January 19, 2018 / 3:13 AM / 3 months ago

Iron ore heads for first weekly fall in three as steel rally stalls

* Iron ore, both spot and futures, set for weekly drop

* Rebar inventories in China rise from record low

By Manolo Serapio Jr

MANILA, Jan 19 (Reuters) - Iron ore futures in China edged lower on Friday, headed for their first weekly drop in three, as slower demand stalled a rally in steel prices after they surged nearly 50 percent last year.

Spot iron ore prices were also on course for their first weekly fall out of three, with the benchmark rate hitting a 2-1/2-week low under $75 a tonne.

“Now is really the slowest season for steel production and for steel demand overall,” said Helen Lau, analyst at Argonaut Securities in Hong Kong.

Winter in China usually slows activity in the construction sector, one of the biggest consumers of steel. China has also imposed restrictions on steel production in 28 cities from November through March in its campaign against smog.

The most-active iron ore contract for May delivery on the Dalian Commodity Exchange was down 0.3 percent at 533.50 yuan ($83) a tonne by 0307 GMT. The contract has lost almost 3 percent so far this week.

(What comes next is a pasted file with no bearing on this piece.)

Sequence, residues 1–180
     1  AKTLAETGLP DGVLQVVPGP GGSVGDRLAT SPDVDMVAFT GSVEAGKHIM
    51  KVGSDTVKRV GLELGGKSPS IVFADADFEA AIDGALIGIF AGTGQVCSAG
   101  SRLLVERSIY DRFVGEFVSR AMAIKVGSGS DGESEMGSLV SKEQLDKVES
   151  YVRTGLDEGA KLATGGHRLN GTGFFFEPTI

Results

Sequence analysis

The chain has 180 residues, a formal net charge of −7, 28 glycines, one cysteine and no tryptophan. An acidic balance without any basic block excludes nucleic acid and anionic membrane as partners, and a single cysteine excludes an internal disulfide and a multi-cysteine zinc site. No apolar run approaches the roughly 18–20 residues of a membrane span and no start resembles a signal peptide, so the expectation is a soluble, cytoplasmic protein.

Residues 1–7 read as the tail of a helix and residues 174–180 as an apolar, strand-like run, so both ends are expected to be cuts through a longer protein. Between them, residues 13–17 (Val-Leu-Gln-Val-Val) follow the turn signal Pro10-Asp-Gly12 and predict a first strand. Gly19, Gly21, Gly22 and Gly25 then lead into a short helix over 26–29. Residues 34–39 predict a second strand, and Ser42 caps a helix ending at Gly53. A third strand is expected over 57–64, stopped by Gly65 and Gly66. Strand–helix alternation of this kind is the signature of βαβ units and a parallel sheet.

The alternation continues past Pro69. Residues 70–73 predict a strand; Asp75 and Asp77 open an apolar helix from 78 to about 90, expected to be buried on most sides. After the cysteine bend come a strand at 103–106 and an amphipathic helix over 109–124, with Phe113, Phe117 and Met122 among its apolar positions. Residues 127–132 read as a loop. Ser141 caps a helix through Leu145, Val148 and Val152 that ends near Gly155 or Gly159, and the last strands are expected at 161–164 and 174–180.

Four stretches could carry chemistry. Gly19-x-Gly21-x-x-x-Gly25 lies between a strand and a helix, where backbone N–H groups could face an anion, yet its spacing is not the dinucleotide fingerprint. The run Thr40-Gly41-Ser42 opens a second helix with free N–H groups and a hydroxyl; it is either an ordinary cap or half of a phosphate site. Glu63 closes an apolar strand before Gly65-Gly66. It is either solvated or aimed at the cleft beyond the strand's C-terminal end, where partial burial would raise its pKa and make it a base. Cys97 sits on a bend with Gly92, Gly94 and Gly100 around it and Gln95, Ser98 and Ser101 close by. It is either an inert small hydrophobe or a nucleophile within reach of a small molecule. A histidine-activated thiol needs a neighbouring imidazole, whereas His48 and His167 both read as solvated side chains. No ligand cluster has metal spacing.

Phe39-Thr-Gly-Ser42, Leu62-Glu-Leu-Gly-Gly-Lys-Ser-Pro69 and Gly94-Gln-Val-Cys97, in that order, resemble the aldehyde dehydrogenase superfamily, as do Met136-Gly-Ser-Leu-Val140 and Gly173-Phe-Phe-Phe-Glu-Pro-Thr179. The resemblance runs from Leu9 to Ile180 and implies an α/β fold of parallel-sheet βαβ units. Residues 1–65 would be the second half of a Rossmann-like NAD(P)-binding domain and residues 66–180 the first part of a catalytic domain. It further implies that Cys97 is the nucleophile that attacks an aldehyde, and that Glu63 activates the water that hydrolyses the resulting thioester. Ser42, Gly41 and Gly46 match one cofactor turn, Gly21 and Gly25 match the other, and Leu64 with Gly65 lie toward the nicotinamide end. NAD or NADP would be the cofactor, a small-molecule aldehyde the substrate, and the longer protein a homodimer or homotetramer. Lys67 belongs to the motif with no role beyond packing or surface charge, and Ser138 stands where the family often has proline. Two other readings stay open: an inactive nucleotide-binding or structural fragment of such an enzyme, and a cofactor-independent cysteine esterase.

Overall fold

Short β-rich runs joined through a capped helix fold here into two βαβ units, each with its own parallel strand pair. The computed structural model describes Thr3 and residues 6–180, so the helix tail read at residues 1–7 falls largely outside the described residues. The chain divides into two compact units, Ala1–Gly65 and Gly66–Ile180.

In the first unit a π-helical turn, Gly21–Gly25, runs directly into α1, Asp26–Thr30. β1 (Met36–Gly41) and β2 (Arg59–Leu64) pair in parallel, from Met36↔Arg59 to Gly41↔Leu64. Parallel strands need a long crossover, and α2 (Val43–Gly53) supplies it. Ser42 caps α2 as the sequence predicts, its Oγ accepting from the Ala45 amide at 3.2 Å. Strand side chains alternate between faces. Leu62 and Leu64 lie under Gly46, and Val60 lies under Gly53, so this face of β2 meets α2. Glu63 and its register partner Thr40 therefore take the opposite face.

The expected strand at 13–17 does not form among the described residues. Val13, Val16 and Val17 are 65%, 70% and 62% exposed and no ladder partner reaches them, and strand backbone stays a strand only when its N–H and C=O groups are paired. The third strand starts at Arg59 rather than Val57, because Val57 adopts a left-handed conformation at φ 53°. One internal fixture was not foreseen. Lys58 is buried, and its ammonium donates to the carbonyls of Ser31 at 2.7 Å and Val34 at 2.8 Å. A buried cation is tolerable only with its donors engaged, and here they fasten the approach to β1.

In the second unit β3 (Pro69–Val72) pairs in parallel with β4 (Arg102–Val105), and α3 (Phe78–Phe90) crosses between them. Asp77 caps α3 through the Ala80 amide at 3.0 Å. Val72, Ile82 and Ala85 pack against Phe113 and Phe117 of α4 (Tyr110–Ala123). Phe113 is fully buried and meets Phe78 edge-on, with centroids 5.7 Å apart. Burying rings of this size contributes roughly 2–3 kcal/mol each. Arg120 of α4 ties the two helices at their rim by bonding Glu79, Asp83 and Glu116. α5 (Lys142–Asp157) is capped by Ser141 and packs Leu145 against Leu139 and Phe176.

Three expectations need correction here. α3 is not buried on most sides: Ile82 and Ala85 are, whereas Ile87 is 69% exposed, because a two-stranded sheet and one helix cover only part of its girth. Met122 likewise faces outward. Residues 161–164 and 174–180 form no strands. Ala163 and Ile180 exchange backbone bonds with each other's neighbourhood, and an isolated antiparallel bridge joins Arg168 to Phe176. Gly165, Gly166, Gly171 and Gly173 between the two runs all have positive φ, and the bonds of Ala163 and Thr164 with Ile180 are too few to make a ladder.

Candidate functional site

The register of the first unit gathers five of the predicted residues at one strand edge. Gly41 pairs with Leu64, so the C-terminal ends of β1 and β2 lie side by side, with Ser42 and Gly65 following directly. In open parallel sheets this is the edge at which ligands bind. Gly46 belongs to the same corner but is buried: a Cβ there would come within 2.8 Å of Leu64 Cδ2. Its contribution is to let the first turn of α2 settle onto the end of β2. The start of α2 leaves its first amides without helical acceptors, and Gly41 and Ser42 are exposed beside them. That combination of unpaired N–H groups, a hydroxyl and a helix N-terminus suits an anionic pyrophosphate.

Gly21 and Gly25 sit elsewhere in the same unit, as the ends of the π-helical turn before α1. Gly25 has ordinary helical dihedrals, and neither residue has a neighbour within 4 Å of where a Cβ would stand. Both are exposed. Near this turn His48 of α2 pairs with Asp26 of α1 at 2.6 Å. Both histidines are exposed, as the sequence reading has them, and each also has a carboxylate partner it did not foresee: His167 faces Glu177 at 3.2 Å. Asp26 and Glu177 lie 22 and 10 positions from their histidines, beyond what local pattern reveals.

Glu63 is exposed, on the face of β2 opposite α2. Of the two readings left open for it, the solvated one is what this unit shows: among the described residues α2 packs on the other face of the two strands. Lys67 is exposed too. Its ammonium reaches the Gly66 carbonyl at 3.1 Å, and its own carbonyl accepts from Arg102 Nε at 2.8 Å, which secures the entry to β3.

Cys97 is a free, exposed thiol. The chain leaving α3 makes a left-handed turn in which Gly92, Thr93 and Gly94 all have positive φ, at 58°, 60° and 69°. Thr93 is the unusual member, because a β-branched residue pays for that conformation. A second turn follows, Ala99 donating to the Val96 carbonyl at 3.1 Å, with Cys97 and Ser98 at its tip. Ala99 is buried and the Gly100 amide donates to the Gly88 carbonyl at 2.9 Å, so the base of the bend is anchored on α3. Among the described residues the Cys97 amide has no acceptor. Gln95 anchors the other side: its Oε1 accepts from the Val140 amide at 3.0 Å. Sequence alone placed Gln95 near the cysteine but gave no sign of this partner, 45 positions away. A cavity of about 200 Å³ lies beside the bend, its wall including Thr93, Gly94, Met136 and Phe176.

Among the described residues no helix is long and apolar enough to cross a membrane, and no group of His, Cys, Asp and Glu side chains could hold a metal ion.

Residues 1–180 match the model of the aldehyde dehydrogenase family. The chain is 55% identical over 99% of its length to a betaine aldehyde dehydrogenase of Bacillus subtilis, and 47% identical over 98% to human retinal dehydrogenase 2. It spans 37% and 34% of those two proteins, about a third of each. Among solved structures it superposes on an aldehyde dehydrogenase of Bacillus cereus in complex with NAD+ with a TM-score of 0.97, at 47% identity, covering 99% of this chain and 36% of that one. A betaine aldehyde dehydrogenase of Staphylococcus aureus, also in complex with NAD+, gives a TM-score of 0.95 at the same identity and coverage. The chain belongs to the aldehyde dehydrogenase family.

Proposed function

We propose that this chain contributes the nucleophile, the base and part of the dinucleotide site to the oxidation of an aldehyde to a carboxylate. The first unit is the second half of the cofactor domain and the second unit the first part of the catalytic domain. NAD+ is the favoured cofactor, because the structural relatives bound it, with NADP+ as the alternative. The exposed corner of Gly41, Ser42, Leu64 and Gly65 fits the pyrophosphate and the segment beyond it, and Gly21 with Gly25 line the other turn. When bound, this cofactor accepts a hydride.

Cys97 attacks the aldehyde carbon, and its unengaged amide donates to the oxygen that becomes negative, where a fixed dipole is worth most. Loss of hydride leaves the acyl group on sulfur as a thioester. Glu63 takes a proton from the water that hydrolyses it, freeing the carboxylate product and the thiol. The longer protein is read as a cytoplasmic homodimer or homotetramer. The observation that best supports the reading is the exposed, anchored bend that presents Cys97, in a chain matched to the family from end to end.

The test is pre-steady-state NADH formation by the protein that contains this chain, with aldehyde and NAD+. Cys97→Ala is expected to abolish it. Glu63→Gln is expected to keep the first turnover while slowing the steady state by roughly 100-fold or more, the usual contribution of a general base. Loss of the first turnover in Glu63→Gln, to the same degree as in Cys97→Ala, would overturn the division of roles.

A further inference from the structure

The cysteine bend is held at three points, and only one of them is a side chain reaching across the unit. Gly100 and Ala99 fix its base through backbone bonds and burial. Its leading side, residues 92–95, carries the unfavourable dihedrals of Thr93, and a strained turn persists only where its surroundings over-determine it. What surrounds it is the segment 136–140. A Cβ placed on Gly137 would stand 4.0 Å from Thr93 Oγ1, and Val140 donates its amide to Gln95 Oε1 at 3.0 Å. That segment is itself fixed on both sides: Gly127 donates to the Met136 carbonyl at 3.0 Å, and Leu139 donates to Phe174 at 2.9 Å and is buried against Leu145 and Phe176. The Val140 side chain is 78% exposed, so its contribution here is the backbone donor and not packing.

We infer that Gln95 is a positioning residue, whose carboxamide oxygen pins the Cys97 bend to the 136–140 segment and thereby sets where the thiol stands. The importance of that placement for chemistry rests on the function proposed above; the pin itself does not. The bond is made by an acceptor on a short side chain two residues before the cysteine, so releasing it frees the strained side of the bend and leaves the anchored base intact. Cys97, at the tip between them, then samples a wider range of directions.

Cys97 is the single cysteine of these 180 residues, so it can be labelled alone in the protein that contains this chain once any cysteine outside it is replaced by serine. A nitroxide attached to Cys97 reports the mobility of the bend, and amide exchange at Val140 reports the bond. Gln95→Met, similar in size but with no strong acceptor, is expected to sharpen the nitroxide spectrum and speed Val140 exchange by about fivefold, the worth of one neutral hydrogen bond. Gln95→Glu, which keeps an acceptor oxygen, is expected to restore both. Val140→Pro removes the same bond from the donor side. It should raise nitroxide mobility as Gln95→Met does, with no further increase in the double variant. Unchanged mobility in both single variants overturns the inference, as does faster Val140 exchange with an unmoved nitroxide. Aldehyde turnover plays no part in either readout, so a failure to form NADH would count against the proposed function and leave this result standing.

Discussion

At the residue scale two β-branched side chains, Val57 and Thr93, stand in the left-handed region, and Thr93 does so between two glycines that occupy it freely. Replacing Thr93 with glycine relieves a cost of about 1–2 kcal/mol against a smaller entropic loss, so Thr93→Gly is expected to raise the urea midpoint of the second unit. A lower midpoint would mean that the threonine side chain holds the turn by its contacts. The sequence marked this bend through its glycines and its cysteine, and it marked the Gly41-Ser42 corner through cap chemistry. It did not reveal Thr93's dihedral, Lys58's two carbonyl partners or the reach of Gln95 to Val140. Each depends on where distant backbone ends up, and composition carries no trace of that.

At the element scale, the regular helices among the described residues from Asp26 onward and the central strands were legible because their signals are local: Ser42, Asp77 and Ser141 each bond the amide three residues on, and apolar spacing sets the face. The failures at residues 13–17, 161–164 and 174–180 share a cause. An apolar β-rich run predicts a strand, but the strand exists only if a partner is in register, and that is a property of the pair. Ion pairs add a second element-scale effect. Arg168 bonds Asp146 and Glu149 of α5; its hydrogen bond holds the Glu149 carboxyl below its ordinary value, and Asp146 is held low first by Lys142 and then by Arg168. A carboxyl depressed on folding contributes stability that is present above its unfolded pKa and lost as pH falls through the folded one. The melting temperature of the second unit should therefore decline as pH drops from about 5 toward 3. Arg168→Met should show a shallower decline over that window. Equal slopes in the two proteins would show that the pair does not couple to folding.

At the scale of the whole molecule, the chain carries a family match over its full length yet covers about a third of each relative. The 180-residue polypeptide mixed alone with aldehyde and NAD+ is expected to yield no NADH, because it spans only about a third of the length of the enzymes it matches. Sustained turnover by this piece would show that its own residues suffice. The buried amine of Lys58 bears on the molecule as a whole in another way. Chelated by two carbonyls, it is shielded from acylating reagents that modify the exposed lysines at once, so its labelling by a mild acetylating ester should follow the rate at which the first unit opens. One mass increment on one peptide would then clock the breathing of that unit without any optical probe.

Weaker futures have also dragged down spot prices. Iron ore for delivery to China’s Qingdao port .IO62-CNO=MB hit a 2-1/2-week trough of $74.51 per tonne on Wednesday, recovering only slightly to $74.87 on Thursday, data from Metal Bulletin showed.

The spot benchmark has dropped 4 percent this week.

Underlining leaner demand, inventories of construction steel product rebar among Chinese traders have risen to 3.62 million tonnes as of Jan. 12, from a record low of 2.84 million tonnes in mid-December, according to data from SteelHome consultancy.

The most-traded rebar on the Shanghai Futures Exchange was up 0.5 percent at 3,863 yuan a tonne. But rebar, which climbed 46 percent last year, has fallen nearly 6 percent since touching a three-month high of 4,104 yuan on Dec. 4.

$1 = 6.4026 Chinese yuan Reporting by Manolo Serapio Jr.; Editing by Tom Hogue

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